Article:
Better Buying Teams Rely More on Internal Experts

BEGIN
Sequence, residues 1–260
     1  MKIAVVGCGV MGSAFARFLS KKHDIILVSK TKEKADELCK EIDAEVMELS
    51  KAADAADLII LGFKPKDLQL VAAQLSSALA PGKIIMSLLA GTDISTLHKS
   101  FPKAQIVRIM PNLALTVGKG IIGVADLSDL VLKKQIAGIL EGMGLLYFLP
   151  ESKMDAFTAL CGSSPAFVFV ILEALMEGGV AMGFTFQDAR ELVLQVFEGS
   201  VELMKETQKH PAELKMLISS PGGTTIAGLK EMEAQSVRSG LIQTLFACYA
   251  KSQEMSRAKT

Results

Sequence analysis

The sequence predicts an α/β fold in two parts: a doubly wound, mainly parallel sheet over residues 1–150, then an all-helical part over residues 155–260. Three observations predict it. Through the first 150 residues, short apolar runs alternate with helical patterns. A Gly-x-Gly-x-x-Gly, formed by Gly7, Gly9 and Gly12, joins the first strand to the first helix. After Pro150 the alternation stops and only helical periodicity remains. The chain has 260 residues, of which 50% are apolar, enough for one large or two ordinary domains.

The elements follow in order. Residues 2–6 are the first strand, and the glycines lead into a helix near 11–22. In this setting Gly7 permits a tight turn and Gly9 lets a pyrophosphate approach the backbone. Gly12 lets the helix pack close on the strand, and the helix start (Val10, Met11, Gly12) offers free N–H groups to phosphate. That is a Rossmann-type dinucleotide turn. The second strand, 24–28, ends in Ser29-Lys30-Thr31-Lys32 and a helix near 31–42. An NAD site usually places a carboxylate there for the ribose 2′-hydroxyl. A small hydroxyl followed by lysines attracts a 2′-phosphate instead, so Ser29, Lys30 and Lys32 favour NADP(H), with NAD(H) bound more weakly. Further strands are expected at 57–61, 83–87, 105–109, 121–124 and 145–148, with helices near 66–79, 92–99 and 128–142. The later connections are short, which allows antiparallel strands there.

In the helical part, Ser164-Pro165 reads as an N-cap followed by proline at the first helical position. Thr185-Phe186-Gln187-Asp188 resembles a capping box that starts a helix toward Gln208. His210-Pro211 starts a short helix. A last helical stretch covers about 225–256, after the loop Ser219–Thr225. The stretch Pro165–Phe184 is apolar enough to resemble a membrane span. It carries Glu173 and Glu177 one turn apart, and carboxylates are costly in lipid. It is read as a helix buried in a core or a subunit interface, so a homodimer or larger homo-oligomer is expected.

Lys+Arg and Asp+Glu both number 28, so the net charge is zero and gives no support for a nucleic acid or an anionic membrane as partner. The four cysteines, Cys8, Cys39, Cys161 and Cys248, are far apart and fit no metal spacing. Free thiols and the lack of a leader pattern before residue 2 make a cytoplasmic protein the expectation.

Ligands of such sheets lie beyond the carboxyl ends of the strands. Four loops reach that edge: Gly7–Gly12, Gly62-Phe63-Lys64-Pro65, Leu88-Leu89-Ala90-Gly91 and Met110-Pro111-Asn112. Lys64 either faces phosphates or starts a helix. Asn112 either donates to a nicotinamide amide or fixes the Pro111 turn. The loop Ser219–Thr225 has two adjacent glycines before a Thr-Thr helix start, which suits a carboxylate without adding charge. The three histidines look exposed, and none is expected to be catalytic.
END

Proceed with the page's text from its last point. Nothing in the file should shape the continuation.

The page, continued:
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As we study buying behavior, we've discovered a consistent pattern across several studies (that regular blog readers should know)--organizations that are categorized as strict planners or flexible and dynamic using Gartner's Enterprise Technology Adoption (ETA) profile algorithm are more likely to be happy with their purchase and confident in their ability to achieve value  Given this, I'm constantly looking for insights that help both buying organization and the technology community understand and adapt to improve their behaviors. For years, we've been asking members of enterprise buying teams where they go for information about the products and services they are considering.   We've seen that the majority of buying time is spent with people other than the vendors that are being considered.   But we've also seen that many buying teams look for experts inside the company for guidance.    In our latest study we dug a bit deeper to try to understand who these experts are and how they get their knowledge.    At a macro level, the answers are that the experts  are diverse---many, many different roles may emerge as an advisor.    The path to knowledge comes from using the product somewhere else, personal research, participating on other buying efforts, or from working for vendors and partners. [caption id="attachment_2736" align="aligncenter" width="889"] Photo by Christina Morillo from Pexels[/caption] This all seemed fine, but then we decided to look at things using our ETA groupings.   Some things jumped out.  Our more successful ETA groups: Were more likely to seek advice from internal experts, for both new and replacement purchases, than the other groups Had more diverse roles that acted as experts Additionally, those experts: Were more likely to gain their knowledge through actual use of the products and services being considered Were less likely to rely on experts who had worked at the vendor Were more likely to gain knowledge through personal research Effectively, the experts relied upon by our better buying groups have worked to gain deeper, unbiased knowledge.  As I shared recently, better buyers put in the work and rely on more information sources, while not feeling overwhelmed.   This is also shown with the internal experts in those companies. Given this, what do we do with it. For buyers, I think the message is clear---look for experts with deeper knowledge. For vendors, this is all about ABM, advocacy, and community.   ABM programs need to reach far and wide.  When interest arises, don't just rely on the immediate opportunity being present to determine if  you should continue to engage with a contact.  Assess if they have the potential to be viewed as an internal expert.  If so, feed them more--as much as they want. For advocacy programs and communities, a participant should be viewed as "forever."   Make it easy for them to stay in the program/community even as they change jobs.   Promote that fact visibly so that folks that transition know they are still welcome.    If they do stay involved, explore opportunities in their new company with a bit of caution.  Don't get aggressive, but cultivate the advocate as a source to explore value opportunities you can present with them to their new employers.  This type of opportunity is not uncommon--in my earlier career I hired the same PR firm 4 or 5 times as I moved around.   What seems uncommon is a systematic way to cultivate that opportunity--the way advocacy programs systemize "word of mouth" marketing. Are those that are experts about your technology or services your next big marketing opportunity?   Probably.  
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